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How T-cell targets look in three dimensions may facilitate new cancer vaccines

How T-cell targets look in three dimensions may facilitate new cancer vaccines

T-cells, which hunt for traces of disease within other cells, work by identifying fragments of outsider proteins on a diseased cell’s surface and then go in for the literal kill.

With cancer, some of the mutated fragments of outsider proteins, called neoepitopes, can be recognized by T-cells and are ideal candidates for cancer vaccines. Unfortunately, those candidates are difficult to predict from genetic data alone.

 

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Francis Castellino Receives 2020 ISTH Esteemed Career Award

Francis Castellino Receives 2020 ISTH Esteemed Career Award

Author: Mary Prorok

 

Francis J. Castellino

Francis J. Castellino, Kleiderer-Pezold Professor of Biochemistry and Director of the W.M. Keck Center for Transgene Research, has been selected as a recipient of the 2020 International Society on Thrombosis and Haemostasis (ISTH) Esteemed Career Award. This prestigious award is given to those who “have made significant contributions to the understanding, treatment and diagnosis, research and education in the thrombosis and hemostasis field.” Five recipients are selected annually.

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Common cholesterol drugs could slow spread of breast cancer to brain

Common cholesterol drugs could slow spread of breast cancer to brain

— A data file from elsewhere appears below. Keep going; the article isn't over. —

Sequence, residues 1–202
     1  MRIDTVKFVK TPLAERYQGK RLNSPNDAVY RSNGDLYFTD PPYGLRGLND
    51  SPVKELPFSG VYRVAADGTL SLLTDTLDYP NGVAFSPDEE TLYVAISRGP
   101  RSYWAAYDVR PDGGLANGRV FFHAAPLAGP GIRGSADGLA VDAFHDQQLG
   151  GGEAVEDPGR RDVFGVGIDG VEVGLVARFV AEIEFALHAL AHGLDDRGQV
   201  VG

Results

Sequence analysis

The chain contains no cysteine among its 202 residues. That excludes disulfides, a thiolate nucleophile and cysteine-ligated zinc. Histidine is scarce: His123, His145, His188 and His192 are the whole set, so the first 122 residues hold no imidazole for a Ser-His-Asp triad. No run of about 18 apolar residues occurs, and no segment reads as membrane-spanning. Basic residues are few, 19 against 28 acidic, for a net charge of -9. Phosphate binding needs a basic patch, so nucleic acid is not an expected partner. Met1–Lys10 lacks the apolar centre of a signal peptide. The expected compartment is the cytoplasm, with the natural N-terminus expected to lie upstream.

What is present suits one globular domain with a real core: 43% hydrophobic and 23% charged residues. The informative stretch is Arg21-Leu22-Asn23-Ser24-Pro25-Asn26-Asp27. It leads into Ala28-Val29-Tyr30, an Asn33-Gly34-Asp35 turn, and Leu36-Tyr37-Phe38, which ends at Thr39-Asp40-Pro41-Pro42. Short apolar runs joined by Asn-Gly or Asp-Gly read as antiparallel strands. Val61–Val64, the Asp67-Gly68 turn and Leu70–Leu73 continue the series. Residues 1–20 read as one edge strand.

A new study from the University of Notre Dame shows drugs used to treat high cholesterol could interfere with the way breast cancer cells adapt to the microenvironment in the brain, preventing the cancer from taking hold. Patients with breast cancer who experience this type of metastasis typically survive for only months after the diagnosis.

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Understand and Fight: Notre Dame researchers and the COVID-19 pandemic

Understand and Fight: Notre Dame researchers and the COVID-19 pandemic

The hero in Mary Shelley’s “The Last Man,” her second sweeping political science fiction after “Frankenstein,” is left alone in Rome, in a post-apocalyptic world. A global plague apparently took the lives of everyone else, yet he discerns a duty to forge ahead, no matter what.

Published in 1826, the novel mirrored Shelley’s life as she despaired at the loss of several of her loved ones. Her sister Fanny died by suicide. Her husband, the poet Percy Bysshe Shelley, drowned after a sailing accident. She lost another friend, the poet Lord Byron, to infection. Two of her toddlers died — one of malaria, and another from a fever. She kept a kind of plague journal, according to Eileen Hunt Botting

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Mary Galvin: It is more meaningful to ask what we can do to end intolerance

Mary Galvin: It is more meaningful to ask what we can do to end intolerance

Mary E. Galvin, William K. Warren Foundation Dean of the College of Science, addressed the issue of inequality with the students, faculty, and staff of the college:

Like many of you, I am deeply saddened by the recent killings of George Floyd, Breonna Taylor and Ahmaud Arbery and by this vivid reminder of the racism and inequality that persists throughout our country.…

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Dean Carlson: letter to graduate students on resolved issues

Author: Andy Fuller

Dear Graduate Students,

Let me start by thanking you for all that you are doing to continue your learning and research through these challenging circumstances.  And, thank you for reaching out to us as you have questions.  We are working through these, and a seemingly endless list of other issues that are unique for this time.  Below I provide an update on the issues that have been resolved.  Please keep asking and bringing to our attention any additional unique needs.  

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